Reading the Elections

Wednesday 2 February 2005, by Phyllis BENNIS

The individual Iraqis who came out to vote clearly were very brave and eager to reclaim control of their country. They were voting for their hopes, for secure streets so children can go to school, for electricity and clean water, for jobs, and mostly for an end to the U.S. occupation.

The elections, however, are unlikely to achieve any of those goals; the violence is likely to continue, perhaps even increase. The U.S. occupation is STILL the problem, not the solution, in Iraq, and only bringing the U.S. troops home, not imposing elections under continuing occupation, will lead to an end of violence.

Millions of Iraqis participated in the election, but it is still unclear how many. International journalists were limited to five polling stations in Baghdad, four of which were in Shi’a districts with expected high turnout. The U.S.-backed election commission in Iraq originally announced a 72% participation immediately after the polls closed, then downscaled that to "near 60%" - actually claiming about 57% turn-out. But those figures are all still misleading. The Washington Post reported (two days after the vote, on page 7 of the Style section) that the 60% figure is based on the claim that 8 million out of 14 million eligible Iraqis turned out. But the 14 million figure itself is misleading, because it only includes those registered Iraqis, not the 18 million actually eligible voters. Similarly, the claim of very high voter participation among Iraqi exiles is misleading, since only 280,000 or so Iraqis abroad even registered, out of about 1.2 million qualified to register and vote. The participation of women, both as candidates (imposed by the U.S.-backed electoral law) and as voters, was significant, but key demands of Iraqi women, particularly involving economic and social rights disproportionately denied to women, are unlikely to be met through this electoral process.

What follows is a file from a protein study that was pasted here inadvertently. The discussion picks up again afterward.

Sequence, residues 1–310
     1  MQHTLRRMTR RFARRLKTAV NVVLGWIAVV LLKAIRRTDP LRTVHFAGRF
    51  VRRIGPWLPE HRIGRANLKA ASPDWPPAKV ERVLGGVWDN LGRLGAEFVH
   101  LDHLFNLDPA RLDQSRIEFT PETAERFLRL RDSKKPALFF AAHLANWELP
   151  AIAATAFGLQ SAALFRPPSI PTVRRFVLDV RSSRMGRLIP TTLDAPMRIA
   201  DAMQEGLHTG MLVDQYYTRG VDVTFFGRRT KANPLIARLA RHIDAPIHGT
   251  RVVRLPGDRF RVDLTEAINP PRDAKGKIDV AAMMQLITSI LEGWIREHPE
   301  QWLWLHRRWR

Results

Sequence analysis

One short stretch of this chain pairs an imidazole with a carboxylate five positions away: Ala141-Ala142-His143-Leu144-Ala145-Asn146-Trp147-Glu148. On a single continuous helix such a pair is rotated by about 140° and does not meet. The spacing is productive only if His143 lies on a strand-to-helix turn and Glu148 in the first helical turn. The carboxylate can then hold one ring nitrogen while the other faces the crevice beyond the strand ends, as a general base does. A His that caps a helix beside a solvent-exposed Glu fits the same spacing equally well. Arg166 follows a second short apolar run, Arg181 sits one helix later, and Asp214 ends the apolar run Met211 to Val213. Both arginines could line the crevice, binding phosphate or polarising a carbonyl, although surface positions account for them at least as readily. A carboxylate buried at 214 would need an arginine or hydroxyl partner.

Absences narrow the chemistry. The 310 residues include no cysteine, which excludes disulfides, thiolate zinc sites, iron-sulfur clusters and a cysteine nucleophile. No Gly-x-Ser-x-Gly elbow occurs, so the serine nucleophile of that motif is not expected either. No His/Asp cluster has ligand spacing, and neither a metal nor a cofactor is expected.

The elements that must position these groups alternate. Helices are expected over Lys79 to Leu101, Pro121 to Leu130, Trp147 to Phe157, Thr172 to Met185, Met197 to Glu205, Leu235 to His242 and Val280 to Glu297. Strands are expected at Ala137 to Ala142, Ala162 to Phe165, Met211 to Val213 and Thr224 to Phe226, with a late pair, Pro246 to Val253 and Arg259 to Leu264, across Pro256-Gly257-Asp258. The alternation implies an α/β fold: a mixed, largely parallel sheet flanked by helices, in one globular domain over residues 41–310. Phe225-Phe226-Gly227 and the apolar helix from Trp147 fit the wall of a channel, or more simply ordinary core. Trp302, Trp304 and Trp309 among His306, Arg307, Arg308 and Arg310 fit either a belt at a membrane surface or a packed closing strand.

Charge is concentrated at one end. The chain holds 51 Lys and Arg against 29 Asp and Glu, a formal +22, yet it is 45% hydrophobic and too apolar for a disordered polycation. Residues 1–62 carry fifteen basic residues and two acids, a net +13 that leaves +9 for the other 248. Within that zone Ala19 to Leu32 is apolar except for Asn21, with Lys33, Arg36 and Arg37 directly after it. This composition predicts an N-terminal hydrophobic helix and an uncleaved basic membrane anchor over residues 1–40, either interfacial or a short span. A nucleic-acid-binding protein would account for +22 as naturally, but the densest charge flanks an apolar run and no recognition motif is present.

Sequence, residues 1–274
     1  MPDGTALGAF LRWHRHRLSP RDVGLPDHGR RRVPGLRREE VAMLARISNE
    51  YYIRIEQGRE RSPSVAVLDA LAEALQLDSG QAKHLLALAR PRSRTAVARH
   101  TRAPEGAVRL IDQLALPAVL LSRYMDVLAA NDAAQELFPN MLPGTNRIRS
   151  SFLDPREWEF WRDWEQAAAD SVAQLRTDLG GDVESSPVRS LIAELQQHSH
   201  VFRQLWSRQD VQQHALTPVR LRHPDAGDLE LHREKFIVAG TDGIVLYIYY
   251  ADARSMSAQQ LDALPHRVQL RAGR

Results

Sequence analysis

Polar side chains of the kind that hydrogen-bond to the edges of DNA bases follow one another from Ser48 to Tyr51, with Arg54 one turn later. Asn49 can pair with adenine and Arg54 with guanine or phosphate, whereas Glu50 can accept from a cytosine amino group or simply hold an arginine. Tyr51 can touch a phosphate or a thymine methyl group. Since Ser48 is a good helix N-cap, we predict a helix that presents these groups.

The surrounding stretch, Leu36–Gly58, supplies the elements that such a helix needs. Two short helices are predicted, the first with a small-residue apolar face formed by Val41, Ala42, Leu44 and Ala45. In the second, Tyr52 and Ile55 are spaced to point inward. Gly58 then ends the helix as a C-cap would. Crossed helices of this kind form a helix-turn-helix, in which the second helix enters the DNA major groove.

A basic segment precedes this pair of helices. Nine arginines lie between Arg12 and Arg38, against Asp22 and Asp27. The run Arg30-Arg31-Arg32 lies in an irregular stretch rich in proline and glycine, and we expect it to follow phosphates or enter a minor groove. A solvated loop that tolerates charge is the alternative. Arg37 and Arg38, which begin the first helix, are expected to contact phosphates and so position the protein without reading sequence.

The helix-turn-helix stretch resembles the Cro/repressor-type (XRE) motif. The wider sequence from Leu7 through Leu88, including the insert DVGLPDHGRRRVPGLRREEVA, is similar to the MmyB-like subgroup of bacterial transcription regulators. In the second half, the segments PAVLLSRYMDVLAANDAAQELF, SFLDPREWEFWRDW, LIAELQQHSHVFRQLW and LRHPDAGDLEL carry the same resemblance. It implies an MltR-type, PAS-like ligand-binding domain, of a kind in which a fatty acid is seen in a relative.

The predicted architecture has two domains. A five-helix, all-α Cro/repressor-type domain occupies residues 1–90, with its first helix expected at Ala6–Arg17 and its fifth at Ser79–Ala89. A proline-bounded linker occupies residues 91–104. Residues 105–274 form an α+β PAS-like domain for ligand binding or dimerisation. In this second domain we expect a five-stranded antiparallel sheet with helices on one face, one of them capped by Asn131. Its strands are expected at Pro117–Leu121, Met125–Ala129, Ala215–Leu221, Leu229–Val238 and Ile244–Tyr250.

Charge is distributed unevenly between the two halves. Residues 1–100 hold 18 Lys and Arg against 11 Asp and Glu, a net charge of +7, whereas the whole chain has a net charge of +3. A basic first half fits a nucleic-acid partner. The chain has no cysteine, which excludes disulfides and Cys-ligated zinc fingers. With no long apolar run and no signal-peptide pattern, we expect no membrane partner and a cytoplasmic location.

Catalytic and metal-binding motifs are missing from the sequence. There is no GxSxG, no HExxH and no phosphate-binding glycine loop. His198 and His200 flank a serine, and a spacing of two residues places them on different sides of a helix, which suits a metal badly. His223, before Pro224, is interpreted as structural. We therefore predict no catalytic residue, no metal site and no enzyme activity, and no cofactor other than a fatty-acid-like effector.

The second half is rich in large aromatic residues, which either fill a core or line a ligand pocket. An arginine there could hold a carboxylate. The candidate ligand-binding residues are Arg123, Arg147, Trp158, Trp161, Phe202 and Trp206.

At least in the short term, George Bush will emerge as the major winner in this election, through the false propaganda claim that Iraqi participation and enthusiasm for the elections somehow equals legitimacy for his continued occupation and the preventive war that put it in place. This is the latest effort to identify mileposts "on the road to freedom" in Iraq - earlier ones included the " Mission accomplished" claim, the capture of Saddam Hussein, the "transfer of sovereignty," and none of them led to freedom, independence and security for Iraqis. In fact, Bush’s false claim of legitimacy continues to hold the Iraqi population and the 150,000 U.S. soldiers hostage to his agenda and occupation.

The Bush administration’s goal is to increase the legitimacy of the occupation and the broader Iraq project, including a more vigorous counter-insurgency war, in the eyes of Americans and international public and governmental opinion. This may lead to some European leaders, in particular, eager to rejoin the Bush bandwagon, to use the election’s "success" as the basis for challenging their own population’s continuing opposition to the U.S. occupation. The president of the European Commission, José Manual Baroso, congratulated the Iraqi people for their courage, and said that the election represented "European values."

It is a huge insult to the people of Iraq to claim that enthusiasm for democracy only emerged when it was "offered" to Iraq in the form of elections imposed under the conditions of military occupation.

The Iraqi election was not legitimate. It was held under conditions of a hostile military foreign occupation. The Hague Convention of 1907, to which the U.S. is a signatory, prohibits the occupying power from creating any permanent changes in the government of the occupied territory. These elections were arranged under an electoral law and by an electoral commission installed and backed by the occupying power. They took place in an environment so violent that voters could not even learn the names of candidates, and the three days surrounding the vote included a complete lock-down of the country, including shoot-to-kill curfews in many areas, closure of the airport and borders, and closure of roads. There were no international monitors in the country - unlike Afghanistan (with 122 monitors) and Palestine (with 800) during difficult elections held under occupation, Iraq